Understandably, it can be quite difficult to resist that sumptuous bottle of red wine siting on the table.

Before indulging on this nice treat, think first about the effects that it can have on your oral health.

Take a glass or two, and if you’re still thirsty after that, try drinking plenty of water.

Not only does it have positive effects on your overall health, but it can also help prevent bad breath by flushing out any bacteria that lingers in the mouth.

Avoid too much chewy and sugary treats

The temptation of indulging in sweets (yup, that candy platter) and chewy sticky stuff (toffee and caramel, anyone?) can be quite difficult to overcome, so we won’t stop you from enjoying them.

However, you have to watch how much you consume. And after munching on them, don’t forget to rinse you mouth and brush your teeth as soon as you can.

Better yet, prepare healthy alternatives to these sweet treats by serving fresh fruits (a fresh fruit salad, perhaps?) or crunchy vegetables.

Don’t use your teeth as tool

If you need to shell nuts, your teeth is not the right tool for it.

Find a nutcracker and never ever use your teeth as an alternative.

The hard surface of nutshells may damage your teeth or even chip or crack them. You don’t want to spend the holidays with broken teeth now, do you?

The holiday season is something that we look forward to every year because it is not just about the tasty treats, but all for spending quality time with our loved ones as well.

However, the busy schedule and preparations should not be an excuse for you to forget about your oral health.

You wouldn’t want a toothache to ruin the celebration, right? Follow the tips above so you and your teeth will all be joyful and merry.

10 FAQs About Oil-Pulling

What Type of Coconut Oil Should I Use?

There is no recommendation with regards to which type you should use although in general, the less refined the coconut oil is, the more of its health benefits are retained.

As much as possible, find an extra virgin coconut oil but any type would just be fine.

Aside From Coconut Oil, What Other Oils Can I Use?

If you don’t have coconut oil lying around, then you may also use olive or sesame oil.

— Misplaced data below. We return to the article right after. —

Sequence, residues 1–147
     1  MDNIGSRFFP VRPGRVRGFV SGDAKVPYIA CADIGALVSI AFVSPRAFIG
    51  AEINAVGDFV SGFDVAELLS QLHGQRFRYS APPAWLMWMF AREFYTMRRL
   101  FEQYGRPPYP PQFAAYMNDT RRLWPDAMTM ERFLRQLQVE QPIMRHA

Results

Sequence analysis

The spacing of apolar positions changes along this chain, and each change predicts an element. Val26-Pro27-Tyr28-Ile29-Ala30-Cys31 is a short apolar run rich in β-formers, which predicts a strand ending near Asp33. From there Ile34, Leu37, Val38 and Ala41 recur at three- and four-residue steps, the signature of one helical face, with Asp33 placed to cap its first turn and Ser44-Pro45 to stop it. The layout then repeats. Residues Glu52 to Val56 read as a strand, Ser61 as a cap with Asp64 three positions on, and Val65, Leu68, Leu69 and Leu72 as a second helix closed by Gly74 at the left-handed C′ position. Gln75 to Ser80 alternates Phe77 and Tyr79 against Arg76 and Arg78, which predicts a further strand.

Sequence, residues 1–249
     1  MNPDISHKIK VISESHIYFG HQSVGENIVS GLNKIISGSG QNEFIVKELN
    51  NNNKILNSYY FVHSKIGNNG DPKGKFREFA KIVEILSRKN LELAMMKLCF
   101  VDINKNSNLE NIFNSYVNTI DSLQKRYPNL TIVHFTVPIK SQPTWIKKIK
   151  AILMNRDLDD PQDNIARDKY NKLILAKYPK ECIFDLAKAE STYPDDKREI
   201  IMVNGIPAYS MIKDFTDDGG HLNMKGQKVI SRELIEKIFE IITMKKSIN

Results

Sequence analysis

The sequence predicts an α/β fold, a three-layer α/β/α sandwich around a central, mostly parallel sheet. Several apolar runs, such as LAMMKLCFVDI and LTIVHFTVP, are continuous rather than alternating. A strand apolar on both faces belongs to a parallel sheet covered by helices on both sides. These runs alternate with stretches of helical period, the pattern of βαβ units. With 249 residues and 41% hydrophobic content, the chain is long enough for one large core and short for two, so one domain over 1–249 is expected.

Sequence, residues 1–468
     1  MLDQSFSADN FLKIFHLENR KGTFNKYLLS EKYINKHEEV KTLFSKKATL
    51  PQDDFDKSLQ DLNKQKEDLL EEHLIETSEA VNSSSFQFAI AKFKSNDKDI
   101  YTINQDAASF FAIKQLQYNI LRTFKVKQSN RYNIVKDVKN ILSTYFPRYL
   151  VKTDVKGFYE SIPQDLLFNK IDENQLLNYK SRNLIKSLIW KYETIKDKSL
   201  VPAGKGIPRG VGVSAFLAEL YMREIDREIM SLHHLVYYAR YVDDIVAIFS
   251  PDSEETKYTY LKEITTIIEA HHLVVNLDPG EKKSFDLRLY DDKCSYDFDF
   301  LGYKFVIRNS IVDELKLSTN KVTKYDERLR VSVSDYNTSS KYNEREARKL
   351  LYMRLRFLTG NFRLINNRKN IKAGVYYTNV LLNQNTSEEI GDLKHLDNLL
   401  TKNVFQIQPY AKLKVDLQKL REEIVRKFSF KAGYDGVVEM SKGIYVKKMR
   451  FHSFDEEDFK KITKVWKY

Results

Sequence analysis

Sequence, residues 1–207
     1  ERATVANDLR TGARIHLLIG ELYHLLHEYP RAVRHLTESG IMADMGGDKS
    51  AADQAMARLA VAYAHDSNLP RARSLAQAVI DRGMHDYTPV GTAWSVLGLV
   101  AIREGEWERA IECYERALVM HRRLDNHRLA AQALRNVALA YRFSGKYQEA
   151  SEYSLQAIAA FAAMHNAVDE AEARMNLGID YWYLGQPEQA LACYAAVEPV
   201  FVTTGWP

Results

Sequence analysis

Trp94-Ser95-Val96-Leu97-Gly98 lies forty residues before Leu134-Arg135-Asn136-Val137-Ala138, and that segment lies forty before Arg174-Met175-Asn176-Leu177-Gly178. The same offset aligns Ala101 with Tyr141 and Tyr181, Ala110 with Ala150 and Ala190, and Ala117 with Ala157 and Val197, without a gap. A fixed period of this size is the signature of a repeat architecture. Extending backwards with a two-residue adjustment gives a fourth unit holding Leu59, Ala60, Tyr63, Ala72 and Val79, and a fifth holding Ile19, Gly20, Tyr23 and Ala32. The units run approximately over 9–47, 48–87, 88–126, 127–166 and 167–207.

If you plan to use olive oil, buy the extra virgin one – preferably organic, if available.

On the other hand, Ayurvedic texts suggest sesame oil because it is said to be the most effective.

More recently, however, experts say that sesame oil is loaded with omega-6 which is pro-inflammatory.

Can I use Essential Oils?

If you can’t take the taste of coconut oil, you may add some essential oils for a much more pleasant experience.

Aside from improving taste, these oils also have inherent potent antimicrobial and antioxidant properties.

The most recommended is peppermint oil, but you can use orange, lemon, or cinnamon oil as well.

If infection is present, more benefit can be derived from using clove or tea tree oil. Add two to three drops of your preferred essential oil per tablespoon of coconut oil.

Is Oil-Pulling Safe for Children?

Oil-pulling is safe and effective even for children at young age.

Since the oil is just swished around the mouth and spit out after, there is no harm in trying it.

However, be sure to use a smaller amount of coconut oil.

Instead of a tablespoon, give them one to ½ teaspoon only. Also, make sure that they are doing it comfortably.

Can I do Oil-Pulling Even If I Have Fillings?

Oil-pulling can still be done if you have lots of fillings.

It doesn’t and will not affect or loosen any filling, be it amalgam, composite, or crowns as long as they are properly placed and the tooth is not badly broken down or has no recurrent decay.

But if the tooth has extensive decay and is very infected, then oil-pulling can loosen the filling as it removes all the mucus, pus, and bacteria underneath.

Is Oil-Pulling Safe for Pregnant or Nursing Women?

Since you will be spitting out the coconut oil when oil-pulling, the method should not pose any harm to pregnant women.

In fact, gum problems during pregnancy can easily be relieved by this detoxification method.

The oil won’t even go near your bloodstream, and thus won’t have any effect on the unborn baby nor in your breastmilk.

Can I Eat or Drink After Oil-Pulling?

After oil-pulling, just rinse your mouth and brush as you normally would. You may then consume any food or drink that you want immediately.

Do I Have to Stop My Meds or Treatment During Oil-Pulling?

Oil-pulling won’t affect or have undesirable interactions with your medications or treatment.

In fact, coconut oil may even reduce the side effects of drugs and lessen the severity of your symptoms.